By Hugo Dixon
Hugo Dixon is Editor-at-Large, Reuters News. The opinions expressed are his own.
When European Union leaders dine in Brussels on May 27, conversation is likely to revolve around three Ps: the poll, the priorities and the people.
Many of those sitting around the table, notably France’s François Hollande and Britain’s David Cameron, received a drubbing in the European Parliament elections. They will be reflecting on the rise of euroscepticism in many EU countries and the appropriate forms of response.
There are basically four main options: stick with the status quo; push for further European integration; unravel some of the integration that has already been achieved; and reform the EU to boost competitiveness.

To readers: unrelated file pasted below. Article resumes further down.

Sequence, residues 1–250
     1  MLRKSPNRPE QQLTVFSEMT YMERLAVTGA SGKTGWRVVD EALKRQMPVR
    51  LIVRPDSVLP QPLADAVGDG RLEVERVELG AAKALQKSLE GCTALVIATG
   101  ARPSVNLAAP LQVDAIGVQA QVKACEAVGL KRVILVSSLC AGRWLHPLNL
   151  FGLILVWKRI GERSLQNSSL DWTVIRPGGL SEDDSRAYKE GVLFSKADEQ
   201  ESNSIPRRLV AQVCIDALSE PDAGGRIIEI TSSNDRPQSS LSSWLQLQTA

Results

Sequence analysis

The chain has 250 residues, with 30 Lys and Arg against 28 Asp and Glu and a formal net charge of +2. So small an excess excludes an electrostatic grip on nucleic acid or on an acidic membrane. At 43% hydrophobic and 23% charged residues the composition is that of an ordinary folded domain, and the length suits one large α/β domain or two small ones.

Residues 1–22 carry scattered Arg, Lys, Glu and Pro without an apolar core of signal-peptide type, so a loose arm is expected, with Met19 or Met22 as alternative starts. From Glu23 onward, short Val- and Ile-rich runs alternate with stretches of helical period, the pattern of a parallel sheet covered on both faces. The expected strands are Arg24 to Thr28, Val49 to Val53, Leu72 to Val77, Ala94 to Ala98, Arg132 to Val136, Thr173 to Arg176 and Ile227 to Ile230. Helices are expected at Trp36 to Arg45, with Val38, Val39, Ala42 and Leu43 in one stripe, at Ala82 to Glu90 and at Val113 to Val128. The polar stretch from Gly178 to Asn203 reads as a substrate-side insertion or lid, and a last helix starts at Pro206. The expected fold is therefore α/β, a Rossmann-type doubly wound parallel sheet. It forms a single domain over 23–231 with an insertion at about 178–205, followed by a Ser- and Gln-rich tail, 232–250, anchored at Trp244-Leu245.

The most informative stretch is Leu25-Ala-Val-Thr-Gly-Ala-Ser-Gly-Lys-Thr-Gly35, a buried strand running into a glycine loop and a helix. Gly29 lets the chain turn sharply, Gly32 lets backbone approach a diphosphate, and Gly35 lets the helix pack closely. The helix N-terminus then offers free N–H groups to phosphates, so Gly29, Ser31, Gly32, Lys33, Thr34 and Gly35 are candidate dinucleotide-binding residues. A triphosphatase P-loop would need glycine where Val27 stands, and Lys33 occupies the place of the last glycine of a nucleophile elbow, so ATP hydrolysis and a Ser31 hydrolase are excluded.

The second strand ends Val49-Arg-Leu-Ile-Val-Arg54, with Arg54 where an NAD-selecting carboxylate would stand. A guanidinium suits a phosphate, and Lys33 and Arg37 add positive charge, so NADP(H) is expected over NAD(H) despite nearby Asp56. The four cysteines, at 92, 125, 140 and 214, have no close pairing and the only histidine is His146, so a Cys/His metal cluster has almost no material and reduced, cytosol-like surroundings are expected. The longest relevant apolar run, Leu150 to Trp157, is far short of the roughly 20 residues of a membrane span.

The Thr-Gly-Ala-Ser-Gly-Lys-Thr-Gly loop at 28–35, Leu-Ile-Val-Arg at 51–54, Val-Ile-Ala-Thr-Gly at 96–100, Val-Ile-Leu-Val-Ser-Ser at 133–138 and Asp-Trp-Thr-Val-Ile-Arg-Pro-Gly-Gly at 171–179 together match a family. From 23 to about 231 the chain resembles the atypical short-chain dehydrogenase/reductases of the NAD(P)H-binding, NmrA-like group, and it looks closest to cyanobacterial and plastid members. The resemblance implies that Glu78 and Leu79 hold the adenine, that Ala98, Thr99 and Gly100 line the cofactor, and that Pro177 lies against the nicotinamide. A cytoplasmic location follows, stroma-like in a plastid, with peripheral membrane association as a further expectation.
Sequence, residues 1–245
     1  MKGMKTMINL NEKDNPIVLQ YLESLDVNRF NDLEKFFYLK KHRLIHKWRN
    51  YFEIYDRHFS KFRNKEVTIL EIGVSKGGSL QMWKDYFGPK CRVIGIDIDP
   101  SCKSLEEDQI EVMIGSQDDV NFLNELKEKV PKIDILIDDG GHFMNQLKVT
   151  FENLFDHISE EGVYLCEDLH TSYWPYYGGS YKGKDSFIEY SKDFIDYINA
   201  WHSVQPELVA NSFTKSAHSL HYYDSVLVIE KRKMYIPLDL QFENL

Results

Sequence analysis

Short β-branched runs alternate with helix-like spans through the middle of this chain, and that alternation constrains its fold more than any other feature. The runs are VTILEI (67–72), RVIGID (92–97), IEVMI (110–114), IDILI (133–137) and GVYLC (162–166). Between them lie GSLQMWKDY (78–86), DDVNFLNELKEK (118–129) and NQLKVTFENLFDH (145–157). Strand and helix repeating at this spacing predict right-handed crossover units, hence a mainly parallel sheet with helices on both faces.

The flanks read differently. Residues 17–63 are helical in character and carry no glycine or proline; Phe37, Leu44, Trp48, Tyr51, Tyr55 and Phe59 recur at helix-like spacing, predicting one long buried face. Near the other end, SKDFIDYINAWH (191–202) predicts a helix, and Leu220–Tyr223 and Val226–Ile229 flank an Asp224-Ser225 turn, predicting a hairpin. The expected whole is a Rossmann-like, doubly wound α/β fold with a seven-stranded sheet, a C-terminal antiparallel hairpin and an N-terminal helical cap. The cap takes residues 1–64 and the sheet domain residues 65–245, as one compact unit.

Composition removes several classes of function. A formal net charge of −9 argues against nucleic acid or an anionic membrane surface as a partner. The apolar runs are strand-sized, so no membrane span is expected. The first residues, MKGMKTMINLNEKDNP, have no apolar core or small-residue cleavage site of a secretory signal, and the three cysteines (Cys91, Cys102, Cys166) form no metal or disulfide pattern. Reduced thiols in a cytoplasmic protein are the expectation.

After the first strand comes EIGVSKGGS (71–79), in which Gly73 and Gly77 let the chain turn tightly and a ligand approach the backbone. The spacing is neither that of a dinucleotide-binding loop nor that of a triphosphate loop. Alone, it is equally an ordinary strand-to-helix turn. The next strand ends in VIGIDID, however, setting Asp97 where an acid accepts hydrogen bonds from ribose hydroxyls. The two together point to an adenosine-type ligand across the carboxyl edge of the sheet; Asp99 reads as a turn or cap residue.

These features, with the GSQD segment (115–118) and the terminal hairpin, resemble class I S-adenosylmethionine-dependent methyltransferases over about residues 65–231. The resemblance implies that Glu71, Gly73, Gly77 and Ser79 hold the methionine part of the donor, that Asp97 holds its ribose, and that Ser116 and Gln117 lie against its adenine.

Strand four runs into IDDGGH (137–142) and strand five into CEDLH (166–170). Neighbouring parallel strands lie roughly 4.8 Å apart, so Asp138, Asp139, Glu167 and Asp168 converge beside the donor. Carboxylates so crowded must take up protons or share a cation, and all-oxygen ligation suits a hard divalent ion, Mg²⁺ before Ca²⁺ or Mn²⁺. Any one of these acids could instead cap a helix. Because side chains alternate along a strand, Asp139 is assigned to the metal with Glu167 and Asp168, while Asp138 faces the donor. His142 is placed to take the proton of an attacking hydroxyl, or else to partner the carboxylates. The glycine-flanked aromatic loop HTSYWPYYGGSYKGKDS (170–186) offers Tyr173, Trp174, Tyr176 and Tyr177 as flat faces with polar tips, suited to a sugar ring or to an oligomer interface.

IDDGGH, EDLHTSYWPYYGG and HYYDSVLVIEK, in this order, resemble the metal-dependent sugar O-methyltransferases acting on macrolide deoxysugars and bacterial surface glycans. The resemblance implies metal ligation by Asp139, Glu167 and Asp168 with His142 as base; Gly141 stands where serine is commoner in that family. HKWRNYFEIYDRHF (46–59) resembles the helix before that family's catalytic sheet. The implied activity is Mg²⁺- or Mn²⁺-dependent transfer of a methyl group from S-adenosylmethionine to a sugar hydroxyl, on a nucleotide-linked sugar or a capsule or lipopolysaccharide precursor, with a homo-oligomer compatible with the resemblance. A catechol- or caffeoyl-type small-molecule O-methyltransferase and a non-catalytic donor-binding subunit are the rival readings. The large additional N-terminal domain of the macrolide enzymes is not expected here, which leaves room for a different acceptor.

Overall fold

The main underlying source of disenchantment is the recession still gripping some parts of the EU. Given the high level of unemployment, particularly among the young, and the likely slow pace of economic recovery, maintaining the status quo is an option that can be quickly ruled out.